- About half of people who have a heart attack have more than one clogged artery.
- In a new study, researchers recommend that surgeons fix all clogged arteries they find in a person after a heart attack.
- Some experts are urging this become standard practice in heart attack aftercare.
- Others say the additional surgery isn’t always the best course of action.
During surgery after a heart attack, it may be preferable to not only fix the clogged artery that caused the attack, but all the other clogged arteries doctors find while they’re in there.
That’s what a new study is suggesting.
About half of people who have a heart attack have clogged arteries beyond the primary culprit of their heart attack, found a research team led by scientists at McMaster University in Canada.
Fixing these additional clogs with stents during surgery led to a 26 percent decrease in heart attack recurrence and death, according to the results of the randomized study of more than 4,000 participants that included the participation of 130 hospitals in 31 countries.
The findings were published in the New England Journal of Medicine.
“This study clearly showed that there is long-term benefit in preventing serious heart-related events by clearing all of the arteries,” Dr. Shamir R. Mehta, a study co-author and a senior scientist at the Population Health Research Institute (PHRI) of McMaster University and Hamilton Health Sciences, said in a press release. “There was also no major downside to additional procedures.”
“These results are not surprising, as smaller trials taken together suggested a possible benefit but did not prove it,” Dr. Robert A. Harrington, president of the American Heart Association and chair of medicine at Stanford University in California, told Healthline.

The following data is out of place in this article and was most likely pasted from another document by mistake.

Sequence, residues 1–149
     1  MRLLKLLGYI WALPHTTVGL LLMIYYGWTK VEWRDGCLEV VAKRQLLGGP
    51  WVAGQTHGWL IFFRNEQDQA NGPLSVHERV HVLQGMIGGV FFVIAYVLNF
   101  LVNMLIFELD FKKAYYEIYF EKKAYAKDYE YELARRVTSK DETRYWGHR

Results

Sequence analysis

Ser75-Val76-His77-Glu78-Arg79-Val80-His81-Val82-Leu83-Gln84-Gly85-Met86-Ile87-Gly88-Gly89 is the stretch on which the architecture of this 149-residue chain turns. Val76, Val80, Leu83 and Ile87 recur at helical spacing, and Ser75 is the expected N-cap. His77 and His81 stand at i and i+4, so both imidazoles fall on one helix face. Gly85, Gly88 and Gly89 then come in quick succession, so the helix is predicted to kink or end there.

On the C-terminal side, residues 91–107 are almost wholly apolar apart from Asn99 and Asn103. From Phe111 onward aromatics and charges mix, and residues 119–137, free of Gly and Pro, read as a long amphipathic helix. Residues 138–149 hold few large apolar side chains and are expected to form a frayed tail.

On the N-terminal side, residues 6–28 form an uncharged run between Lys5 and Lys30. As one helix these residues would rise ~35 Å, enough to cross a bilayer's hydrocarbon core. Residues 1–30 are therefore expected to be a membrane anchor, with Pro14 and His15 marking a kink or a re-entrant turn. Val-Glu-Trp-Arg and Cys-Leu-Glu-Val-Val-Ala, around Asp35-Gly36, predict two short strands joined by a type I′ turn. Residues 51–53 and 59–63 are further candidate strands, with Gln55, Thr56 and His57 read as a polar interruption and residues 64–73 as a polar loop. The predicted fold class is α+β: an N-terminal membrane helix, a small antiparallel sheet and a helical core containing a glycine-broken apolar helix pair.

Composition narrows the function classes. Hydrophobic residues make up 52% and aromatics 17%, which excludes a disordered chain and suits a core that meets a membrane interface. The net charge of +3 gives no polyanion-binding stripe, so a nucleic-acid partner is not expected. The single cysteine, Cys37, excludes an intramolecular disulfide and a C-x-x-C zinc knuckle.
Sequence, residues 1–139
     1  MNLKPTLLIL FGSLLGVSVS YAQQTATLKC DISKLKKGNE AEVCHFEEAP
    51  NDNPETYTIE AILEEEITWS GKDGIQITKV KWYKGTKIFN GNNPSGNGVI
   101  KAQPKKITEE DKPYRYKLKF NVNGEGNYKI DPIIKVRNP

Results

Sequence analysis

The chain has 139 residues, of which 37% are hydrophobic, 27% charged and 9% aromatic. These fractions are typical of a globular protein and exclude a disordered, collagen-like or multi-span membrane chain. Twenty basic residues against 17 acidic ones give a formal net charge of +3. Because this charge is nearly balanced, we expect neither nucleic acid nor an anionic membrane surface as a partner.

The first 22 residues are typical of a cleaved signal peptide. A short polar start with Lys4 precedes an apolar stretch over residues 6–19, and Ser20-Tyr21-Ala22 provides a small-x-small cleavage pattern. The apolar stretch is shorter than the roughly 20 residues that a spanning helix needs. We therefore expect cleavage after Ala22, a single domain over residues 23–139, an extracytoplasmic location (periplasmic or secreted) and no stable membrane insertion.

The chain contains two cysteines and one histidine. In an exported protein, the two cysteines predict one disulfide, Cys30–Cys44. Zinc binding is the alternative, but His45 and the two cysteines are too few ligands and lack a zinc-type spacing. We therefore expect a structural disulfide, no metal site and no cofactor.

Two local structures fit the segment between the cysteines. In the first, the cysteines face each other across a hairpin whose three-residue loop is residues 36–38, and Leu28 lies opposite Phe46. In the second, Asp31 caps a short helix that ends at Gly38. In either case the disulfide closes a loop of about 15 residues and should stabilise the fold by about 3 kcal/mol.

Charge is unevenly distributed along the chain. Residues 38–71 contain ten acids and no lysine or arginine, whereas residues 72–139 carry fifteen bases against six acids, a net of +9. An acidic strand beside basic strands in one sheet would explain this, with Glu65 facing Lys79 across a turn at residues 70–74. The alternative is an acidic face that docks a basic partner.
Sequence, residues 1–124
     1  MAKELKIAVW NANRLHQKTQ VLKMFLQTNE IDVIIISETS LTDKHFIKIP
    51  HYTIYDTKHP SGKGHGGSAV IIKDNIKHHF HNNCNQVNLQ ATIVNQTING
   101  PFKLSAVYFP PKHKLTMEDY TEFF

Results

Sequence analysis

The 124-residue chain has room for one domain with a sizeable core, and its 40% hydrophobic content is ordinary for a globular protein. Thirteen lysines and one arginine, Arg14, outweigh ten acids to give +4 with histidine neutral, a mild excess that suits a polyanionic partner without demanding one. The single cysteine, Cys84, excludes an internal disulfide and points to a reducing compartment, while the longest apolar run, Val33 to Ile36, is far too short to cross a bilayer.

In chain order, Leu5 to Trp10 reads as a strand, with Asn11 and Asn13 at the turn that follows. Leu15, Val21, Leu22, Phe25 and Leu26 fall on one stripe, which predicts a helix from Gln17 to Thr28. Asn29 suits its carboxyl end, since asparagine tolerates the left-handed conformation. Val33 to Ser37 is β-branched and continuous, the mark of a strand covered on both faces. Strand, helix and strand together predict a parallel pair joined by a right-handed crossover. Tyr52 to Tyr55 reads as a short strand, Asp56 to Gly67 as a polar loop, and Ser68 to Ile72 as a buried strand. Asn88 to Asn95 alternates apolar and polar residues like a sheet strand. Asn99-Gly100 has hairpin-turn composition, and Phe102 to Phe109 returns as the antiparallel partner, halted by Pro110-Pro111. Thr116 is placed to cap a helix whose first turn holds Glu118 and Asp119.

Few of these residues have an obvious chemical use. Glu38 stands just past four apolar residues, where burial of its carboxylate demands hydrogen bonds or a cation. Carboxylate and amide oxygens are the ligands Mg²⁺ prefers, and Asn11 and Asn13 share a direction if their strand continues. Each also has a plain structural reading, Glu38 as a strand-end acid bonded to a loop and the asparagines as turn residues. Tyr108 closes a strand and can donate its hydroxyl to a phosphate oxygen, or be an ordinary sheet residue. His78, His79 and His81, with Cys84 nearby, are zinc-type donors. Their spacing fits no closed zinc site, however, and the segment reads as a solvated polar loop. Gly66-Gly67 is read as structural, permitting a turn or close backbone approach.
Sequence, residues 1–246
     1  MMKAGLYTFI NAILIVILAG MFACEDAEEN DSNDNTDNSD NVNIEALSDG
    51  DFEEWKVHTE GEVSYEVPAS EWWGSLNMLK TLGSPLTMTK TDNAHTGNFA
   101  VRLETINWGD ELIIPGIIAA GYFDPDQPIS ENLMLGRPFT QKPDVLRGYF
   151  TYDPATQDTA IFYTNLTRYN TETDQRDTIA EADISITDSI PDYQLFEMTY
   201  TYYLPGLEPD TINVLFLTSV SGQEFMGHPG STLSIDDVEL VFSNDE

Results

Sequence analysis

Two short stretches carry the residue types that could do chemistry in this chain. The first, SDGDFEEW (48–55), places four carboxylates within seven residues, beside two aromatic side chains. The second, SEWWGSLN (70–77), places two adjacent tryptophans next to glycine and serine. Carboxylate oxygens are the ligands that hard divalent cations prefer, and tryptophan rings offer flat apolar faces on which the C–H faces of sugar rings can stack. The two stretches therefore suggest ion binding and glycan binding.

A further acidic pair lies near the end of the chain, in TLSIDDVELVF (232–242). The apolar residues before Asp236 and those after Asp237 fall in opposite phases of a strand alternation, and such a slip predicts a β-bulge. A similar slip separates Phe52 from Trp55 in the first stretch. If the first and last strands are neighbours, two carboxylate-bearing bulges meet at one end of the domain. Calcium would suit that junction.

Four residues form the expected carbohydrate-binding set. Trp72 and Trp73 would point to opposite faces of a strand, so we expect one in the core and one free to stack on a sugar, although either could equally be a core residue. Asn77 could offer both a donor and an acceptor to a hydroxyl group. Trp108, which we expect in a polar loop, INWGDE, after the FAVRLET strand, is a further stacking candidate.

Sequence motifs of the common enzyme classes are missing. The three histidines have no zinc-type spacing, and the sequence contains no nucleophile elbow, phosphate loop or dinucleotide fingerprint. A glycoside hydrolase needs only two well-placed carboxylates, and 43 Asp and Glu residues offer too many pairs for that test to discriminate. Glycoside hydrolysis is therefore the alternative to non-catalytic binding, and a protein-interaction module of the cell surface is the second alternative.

“[The recent study] enrolled more patients than [earlier] small trials, thus providing more robust set of evidence to support the complete revascularization strategy,” he said.
Harrington also praises the study’s design and intent, seeking to refine and improve existing practice.
“We need more trials like this that are addressing common clinical scenarios but are not testing new drugs or devices,” he said.
So, should this practice become standard care?
It helps to know a little bit about how arteries get clogged and heart attacks happen in the first place.
Plaque buildup in the arteries — known as atherosclerosis — is one of the leading causes of heart attacks, though far from the only one.
And to some degree, even if you employ clean living and a heart-healthy diet, plaque buildup is inevitable.
“We have 100,000 heartbeats a day, which creates quite a bit of wear and tear on the inside of arteries,” Dr. Joshua Yamamoto, a cardiologist and author of “You Can Prevent a Stroke,” told Healthline.
“Our body naturally heals this internal injury, and we grow plaque in our arteries. What we commonly think of as risk factors for heart disease are truly just the things that accelerate the natural aging of our arteries,” he said.